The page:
Anaphylaxis is a sudden, serious allergic reaction that can be life threatening. Symptoms may be mild to start, but they become severe in minutes, or even seconds. Occasionally, the symptoms develop gradually over 24 hours. The more quickly the symptoms begin, the more severe they generally are. Many people who are susceptible to anaphylaxis carry emergency medicine with them. Anaphylaxis is a medical emergency, causing about 500 deaths each year. The incidence of anaphylaxis is increasing, particularly during the first 2 decades of life.
Anaphylaxis occurs when your immune system overreacts to an allergen. Your body releases substances to protect you from the allergen, but instead cause your blood pressure to drop suddenly and your airways to constrict so that you have trouble breathing.
Many substances can cause anaphylaxis; sometimes the cause isn't known. Common triggers include:
Anaphylaxis is rare. The following factors may increase your risk for anaphylaxis:
Your health care provider will perform an exam, ask about any contact you may have had with possible allergens (such as food, drugs, and insect stings), and may conduct blood or urine tests, allergy tests, or other tests.
Get emergency medical care immediately to maintain breathing, blood pressure, and heart function, and to reverse the reaction. Oral desensitization to foods and/or medications may be recommended to prevent future episodes.
You should receive epinephrine right away. Once at the hospital, your health care provider may give you additional drugs, including antihistamines and corticosteroids, to control symptoms and prevent delayed relapse.
For breathing trouble, health care providers may need to open the airway with an endotracheal tube and possibly connect a ventilator. Other procedures may be needed to stabilize blood pressure.
Anaphylaxis always requires conventional emergency medical care and should not be treated with CAM therapies. However, some CAM therapies may help prevent allergic responses, including anaphylaxis, or lessen the severity of an allergic reaction. Keep in mind, though, that some herbs and supplements -- just like prescription drugs -- can cause allergic reactions, including anaphylaxis. If you have allergies, talk to your health care provider before taking any herbs or supplements.
The following nutrients may help support your immune system and reduce or prevent allergic reactions, though there is no scientific evidence that they will help prevent anaphylaxis:
Some herbs may help support your immune system and reduce the frequency or severity of allergic reactions, although there is no evidence they can prevent anaphylaxis. Anaphylaxis is a medical emergency and should never be treated with herbs. Do not take herbs if you are pregnant or nursing, unless you are under the supervision of a qualified practitioner. You should let all of your health care providers know about any herbal medicines you are planning to use.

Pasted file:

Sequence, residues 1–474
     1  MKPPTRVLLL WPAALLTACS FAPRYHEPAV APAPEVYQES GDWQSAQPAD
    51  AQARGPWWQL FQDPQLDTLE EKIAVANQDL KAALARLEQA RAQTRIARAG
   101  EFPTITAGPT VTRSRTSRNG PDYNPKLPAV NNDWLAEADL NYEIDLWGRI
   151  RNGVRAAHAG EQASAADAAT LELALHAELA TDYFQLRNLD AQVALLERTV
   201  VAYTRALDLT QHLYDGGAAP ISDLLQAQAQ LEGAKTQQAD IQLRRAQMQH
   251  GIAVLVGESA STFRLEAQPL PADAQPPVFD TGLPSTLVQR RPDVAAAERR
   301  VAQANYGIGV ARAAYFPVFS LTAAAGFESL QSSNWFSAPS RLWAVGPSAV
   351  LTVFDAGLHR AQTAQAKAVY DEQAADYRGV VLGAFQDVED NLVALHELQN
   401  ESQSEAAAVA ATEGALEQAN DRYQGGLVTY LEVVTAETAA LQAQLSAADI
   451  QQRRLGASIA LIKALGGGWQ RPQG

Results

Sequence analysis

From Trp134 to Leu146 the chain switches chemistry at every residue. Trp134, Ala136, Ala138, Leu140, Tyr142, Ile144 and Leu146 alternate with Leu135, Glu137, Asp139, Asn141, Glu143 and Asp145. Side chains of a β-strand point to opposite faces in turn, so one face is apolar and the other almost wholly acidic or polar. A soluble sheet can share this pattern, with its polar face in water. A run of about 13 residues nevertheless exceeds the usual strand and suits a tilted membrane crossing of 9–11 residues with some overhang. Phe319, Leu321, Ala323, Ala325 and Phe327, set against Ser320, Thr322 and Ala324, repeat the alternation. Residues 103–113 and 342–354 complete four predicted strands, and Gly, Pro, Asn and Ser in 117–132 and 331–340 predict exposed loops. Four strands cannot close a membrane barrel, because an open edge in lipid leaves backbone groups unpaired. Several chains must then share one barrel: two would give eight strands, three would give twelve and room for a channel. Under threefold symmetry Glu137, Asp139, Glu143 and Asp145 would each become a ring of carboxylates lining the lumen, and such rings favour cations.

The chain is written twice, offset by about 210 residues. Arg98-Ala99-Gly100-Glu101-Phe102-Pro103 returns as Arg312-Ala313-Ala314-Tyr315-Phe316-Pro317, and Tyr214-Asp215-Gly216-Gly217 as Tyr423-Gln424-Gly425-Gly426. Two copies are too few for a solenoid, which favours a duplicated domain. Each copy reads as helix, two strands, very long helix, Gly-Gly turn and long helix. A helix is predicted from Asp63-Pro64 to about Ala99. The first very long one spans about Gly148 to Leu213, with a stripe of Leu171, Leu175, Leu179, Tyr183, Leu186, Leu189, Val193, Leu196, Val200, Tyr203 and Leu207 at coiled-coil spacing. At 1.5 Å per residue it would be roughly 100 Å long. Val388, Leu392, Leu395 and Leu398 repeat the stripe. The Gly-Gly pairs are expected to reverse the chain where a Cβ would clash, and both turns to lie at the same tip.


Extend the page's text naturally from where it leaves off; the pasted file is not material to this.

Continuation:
Several studies suggest that medicinal plants traditionally used in Asia to prevent or treat allergic reactions may help prevent anaphylaxis. These herbal remedies include:
Researchers have tested combinations of specific herbs in animals, which show some signs of preventing anaphylaxis. You should consult a licensed, qualified herbalist for more information about these combinations.
Herbs to avoid
Although anyone can be allergic to any herbs, the following is a list of herbs that are more apt to cause allergic reactions in sensitive individuals:
Anaphylaxis requires immediate emergency medical attention. While the following homeopathic remedies have been used for allergic reactions, including symptoms of anaphylaxis, they should be given only under the guidance of a certified, trained homeopath in the appropriate circumstances. Before prescribing a remedy, homeopaths take into account a person's constitutional type -- your physical, emotional, and psychological makeup. An experienced homeopath assesses all of these factors when determining the most appropriate treatment for each individual.
Acupuncture has been used to support the immune system and to relieve symptoms of seasonal allergies, as well as to lessen chronic allergies and sensitivities. One animal study found that electroacupuncture (applying an electrical charge to acupuncture needles) seemed to help animals survive allergic shock, compared to no treatment at all. While you should never delay conventional treatment of anaphylaxis, this study suggests acupuncture may be a useful supportive therapy. More research is needed.
Without proper treatment, anaphylaxis can be deadly. However, most people who receive proper treatment do well. Once you have anaphylaxis, you may not have it again, even with exposure to the same allergen. But the risk is high, so try to avoid substances that caused the reaction. Drugs classified as beta-blockers, monoamine oxidase inhibitors, ACE inhibitors, and ARBs may make anaphylaxis worse or interfere with treatment. If you have a history of anaphylaxis, check with your doctor or pharmacist to find out if you take one of these medications.
You may need to stay in the hospital for 24 hours to make sure no new symptoms occur. For a severe reaction, your doctor may monitor heart function or admit you to the intensive care unit.
Allergic reaction - anaphylaxis
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